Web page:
|Publication number||US4925712 A|
|Application number||US 07/227,342|
|Publication date||May 15, 1990|
|Filing date||Aug 2, 1988|
|Priority date||Aug 3, 1987|
|Also published as||DE3883107D1, EP0302457A2, EP0302457A3, EP0302457B1|
|Publication number||07227342, 227342, US 4925712 A, US 4925712A, US-A-4925712, US4925712 A, US4925712A|
|Inventors||Aldo Cicuta, Amilcare Collina|
|Original Assignee||Ausimont S.P.A.|
|Export Citation||BiBTeX, EndNote, RefMan|
|Patent Citations (3), Referenced by (5), Classifications (20), Legal Events (4)|
|External Links: USPTO, USPTO Assignment, Espacenet|
The present invention relates to containers having low permeability to hydrocarbon vapors and/or liquids, and to the relevant manufacturing process.
More particularly, the present invention relates to fuel tanks for cars and other commercial vehicles which are impermeable to vapors and/or do not show any oozing of the liquid phase of the contained fuels.
The tanks and/or vessels impermeable to hydrocarbons and/or fuels of the present invention find their use in the fuel industry in general, and in particular in the automobile industry.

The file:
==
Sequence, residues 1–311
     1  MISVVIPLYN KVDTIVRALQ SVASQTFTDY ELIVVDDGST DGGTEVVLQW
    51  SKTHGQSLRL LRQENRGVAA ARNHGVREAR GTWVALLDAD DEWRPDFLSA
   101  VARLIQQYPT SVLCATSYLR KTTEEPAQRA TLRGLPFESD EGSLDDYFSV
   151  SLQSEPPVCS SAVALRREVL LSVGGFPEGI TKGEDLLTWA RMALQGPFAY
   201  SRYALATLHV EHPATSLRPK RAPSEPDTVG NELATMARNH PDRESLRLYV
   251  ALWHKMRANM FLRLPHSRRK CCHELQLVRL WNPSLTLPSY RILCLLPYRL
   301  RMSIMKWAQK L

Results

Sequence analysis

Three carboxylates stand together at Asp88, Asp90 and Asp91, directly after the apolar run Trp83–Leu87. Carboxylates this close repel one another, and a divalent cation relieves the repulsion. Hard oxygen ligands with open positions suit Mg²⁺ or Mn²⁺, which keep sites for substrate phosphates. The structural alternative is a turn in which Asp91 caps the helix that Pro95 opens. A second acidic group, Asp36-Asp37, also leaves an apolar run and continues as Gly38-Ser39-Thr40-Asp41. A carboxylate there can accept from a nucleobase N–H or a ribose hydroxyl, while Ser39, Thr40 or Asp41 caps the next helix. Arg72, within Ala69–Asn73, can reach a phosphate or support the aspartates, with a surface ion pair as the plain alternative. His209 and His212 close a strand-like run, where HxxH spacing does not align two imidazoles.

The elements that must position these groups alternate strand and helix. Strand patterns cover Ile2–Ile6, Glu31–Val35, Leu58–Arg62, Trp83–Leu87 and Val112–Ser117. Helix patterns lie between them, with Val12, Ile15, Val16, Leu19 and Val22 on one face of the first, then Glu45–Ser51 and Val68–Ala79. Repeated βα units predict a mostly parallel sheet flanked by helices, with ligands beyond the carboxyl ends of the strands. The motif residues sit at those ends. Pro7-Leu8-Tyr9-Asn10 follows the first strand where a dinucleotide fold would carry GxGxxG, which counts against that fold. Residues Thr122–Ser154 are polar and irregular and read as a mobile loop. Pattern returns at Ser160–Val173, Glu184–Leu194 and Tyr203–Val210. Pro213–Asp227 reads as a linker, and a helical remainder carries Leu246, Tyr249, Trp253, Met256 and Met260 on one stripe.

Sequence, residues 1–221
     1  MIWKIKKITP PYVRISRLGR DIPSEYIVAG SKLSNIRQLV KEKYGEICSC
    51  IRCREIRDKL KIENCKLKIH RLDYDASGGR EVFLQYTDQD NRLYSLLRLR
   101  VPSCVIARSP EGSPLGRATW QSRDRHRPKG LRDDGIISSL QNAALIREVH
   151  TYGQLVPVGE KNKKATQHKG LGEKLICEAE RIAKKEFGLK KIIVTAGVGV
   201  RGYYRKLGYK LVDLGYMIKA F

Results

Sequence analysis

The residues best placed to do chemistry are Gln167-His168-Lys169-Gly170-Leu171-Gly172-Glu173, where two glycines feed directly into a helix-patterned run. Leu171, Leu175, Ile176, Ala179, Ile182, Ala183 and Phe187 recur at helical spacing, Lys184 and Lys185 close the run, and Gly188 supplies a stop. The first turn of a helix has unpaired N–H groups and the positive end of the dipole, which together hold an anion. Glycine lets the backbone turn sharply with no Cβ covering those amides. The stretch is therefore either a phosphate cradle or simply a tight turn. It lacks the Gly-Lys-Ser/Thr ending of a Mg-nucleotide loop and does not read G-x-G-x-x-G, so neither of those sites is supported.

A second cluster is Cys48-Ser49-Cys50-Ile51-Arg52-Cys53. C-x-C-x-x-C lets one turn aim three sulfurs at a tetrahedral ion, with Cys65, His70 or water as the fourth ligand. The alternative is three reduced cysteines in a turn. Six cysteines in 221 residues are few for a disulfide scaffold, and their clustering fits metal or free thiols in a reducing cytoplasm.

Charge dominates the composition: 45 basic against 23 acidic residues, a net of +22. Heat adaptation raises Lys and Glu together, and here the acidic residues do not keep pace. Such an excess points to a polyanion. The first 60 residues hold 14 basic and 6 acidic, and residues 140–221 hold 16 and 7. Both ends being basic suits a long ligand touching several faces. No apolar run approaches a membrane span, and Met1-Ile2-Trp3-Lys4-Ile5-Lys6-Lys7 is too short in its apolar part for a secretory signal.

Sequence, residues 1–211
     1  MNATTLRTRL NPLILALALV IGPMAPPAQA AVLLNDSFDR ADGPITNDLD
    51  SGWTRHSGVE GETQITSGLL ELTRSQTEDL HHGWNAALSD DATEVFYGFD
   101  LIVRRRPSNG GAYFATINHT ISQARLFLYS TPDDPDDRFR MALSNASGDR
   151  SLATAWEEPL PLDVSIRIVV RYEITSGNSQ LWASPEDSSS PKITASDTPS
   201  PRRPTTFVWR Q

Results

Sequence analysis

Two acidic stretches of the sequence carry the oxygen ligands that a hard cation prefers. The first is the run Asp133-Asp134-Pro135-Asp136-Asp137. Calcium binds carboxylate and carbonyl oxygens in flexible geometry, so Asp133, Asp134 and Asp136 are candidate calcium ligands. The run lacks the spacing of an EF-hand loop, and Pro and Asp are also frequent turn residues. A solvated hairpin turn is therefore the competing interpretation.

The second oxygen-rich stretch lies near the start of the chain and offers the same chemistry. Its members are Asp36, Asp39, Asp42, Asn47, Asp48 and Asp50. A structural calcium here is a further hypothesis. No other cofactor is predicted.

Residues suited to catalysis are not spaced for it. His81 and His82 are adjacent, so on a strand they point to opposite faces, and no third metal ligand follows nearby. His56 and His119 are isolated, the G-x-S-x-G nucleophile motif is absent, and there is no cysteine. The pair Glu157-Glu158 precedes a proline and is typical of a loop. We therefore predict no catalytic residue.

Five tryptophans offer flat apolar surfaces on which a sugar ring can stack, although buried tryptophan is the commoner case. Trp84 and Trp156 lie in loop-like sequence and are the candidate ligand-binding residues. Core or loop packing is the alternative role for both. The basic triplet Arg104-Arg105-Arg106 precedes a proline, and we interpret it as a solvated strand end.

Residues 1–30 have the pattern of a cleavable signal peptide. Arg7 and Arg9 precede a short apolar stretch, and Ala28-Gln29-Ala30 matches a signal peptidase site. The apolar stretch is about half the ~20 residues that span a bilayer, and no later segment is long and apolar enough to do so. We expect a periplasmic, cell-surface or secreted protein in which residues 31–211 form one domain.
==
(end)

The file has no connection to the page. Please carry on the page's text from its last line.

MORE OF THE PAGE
It is well known that greater and greater attention is being paid to the problem of the reduction of the phenomena of dispersion and/or discharge, either fortuitous or operative, of noxious materials, such as hydrocarbons and so forth, and in particular of fuels, into the environment, because of their serious ecological and/or operative consequences. When noxious materials, such as hydrocarbons, are handled, the storage tanks, and, in particular, the fuel tanks mounted on cars, commercial vehicles, and motorcycles, are to be considered as the points more exposed to the possibility of operative dispersion because of permeation and/or oozing. As to the latter type of tanks, they are the object of particular attention from the manufacturing industry; in fact, they are generally containers with a small wall thickness, owing to obvious economic and weight-reducing reasons, and are therefore subject to the above said risk of permeation and/or oozing of the materials they contain. This is particularly evident in the case of fuel tanks made from plastic material in general, and in particular from high-density, high-molecular-weight polyethylene, a commonly used material for manufacturing tanks for cars, commercial vehicles, and motorcycles.